"That's funny/' he remarked. "They told me at
the 'Bull5 last night that he's a great one for terriers
and digging out foxes. A lot of the subscribers com-
plain about it. They say he's never happy unless he's
got his head down a rabbit-hole!"
With a knowing air I told him that Mr. Gaffikin
had said it was a drag.
"By Jingo! If it was a drag they must have gone
like blazes!" I asserted that they did go like blazes.
"You must have jumped some big places."
There was a note of surprise in his voice which made
me feel that I had been doing more than was expected
of me. Could it be possible, I wondered, that Dixon
was actually proud of his pupil? And, indeed, there
must have been a note of jubilation in his voice when,
as he bent down to brush the mud off Harkaway's
hocks, he asked: "Did Mr. Gaffikin see him jump-
"Yes. I foil------1 was close to him all the way."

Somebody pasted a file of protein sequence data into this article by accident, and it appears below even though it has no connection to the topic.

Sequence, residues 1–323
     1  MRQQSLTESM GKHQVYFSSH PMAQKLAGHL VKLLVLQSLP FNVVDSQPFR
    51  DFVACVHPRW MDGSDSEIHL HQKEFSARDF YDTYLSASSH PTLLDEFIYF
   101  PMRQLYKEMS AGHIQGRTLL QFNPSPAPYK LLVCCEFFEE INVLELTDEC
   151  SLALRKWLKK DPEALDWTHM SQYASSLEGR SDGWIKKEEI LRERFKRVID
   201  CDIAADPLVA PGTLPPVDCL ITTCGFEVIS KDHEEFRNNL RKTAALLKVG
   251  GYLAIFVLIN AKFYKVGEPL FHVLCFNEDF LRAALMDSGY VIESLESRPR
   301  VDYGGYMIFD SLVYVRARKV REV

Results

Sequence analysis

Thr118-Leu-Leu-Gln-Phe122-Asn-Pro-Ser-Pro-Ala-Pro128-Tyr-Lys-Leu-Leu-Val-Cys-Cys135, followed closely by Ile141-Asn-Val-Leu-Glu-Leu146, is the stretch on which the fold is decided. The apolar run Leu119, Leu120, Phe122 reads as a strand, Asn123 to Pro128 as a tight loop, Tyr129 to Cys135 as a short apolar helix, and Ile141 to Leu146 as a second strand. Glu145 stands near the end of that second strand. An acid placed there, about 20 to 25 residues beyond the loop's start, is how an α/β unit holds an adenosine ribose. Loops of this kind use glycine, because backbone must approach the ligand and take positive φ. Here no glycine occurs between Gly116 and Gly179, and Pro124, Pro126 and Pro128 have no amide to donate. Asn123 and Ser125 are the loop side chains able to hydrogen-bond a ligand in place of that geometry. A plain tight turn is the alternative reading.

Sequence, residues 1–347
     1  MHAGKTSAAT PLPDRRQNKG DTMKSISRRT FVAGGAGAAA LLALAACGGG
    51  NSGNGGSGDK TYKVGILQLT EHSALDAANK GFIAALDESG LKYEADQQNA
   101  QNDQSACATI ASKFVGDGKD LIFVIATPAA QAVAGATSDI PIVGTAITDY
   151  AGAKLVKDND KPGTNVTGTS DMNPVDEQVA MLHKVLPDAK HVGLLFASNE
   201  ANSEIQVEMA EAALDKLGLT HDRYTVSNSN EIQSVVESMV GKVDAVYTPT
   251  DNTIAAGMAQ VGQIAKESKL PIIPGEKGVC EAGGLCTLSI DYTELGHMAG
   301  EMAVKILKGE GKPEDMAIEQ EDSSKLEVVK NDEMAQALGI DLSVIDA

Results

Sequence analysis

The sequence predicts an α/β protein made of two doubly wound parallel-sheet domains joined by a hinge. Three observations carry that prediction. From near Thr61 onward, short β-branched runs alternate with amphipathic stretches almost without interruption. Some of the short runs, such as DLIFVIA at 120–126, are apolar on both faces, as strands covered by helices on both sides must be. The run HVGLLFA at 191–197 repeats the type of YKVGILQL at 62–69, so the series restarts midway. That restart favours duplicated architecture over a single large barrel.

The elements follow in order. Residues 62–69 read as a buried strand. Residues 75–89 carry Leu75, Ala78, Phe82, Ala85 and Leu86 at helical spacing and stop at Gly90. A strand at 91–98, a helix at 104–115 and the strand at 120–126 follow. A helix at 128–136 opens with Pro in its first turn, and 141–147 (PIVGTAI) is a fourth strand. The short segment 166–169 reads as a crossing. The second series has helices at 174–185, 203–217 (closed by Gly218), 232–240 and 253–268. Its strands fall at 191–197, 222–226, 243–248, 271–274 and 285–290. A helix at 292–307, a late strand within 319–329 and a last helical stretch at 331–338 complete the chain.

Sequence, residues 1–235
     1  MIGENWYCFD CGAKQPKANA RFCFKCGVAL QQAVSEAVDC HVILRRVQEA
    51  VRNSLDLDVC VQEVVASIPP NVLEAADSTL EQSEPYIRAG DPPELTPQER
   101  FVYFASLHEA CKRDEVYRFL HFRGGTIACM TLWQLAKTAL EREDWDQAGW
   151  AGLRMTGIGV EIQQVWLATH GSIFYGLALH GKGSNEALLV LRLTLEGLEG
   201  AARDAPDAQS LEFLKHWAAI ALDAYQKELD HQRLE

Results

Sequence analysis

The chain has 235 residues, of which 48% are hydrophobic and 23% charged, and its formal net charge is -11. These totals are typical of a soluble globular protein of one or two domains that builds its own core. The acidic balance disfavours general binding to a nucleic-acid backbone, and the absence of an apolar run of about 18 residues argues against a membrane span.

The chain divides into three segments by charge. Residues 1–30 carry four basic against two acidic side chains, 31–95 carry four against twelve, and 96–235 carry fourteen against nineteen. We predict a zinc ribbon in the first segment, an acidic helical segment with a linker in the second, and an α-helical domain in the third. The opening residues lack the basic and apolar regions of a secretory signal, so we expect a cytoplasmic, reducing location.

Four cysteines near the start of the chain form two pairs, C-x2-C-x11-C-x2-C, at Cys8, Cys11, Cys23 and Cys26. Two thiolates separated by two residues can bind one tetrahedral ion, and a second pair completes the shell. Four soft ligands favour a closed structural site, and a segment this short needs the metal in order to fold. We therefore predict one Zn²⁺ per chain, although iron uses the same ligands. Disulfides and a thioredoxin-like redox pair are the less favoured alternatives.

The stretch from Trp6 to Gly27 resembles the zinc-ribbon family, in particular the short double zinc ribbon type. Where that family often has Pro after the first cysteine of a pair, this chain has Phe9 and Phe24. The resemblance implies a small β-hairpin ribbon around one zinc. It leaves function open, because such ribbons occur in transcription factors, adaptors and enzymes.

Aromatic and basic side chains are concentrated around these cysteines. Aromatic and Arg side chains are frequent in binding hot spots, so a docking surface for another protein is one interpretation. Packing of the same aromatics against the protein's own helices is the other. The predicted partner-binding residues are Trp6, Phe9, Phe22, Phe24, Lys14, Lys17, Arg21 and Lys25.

Perhaps it was just as well that Harkaway, munch-
ing away at his feed, was unable to lift his long-
suffering face and say what he thought about my
horsemanship! Looking back at that half-lit stable
from the detachment of to-day, I can almost believe
that, after I had gone indoors to my boiled eggs,
Dixon and the old horse had a confidential chat, like
the old friends that they were. Anyhow, the horse
and his groom understood one another quite as well
as the groom understood his master.
Aunt Evelya did her best to come up to the scratch
while I was talking big at the dinner-table. But the
wonderful performances of Harkaway and myself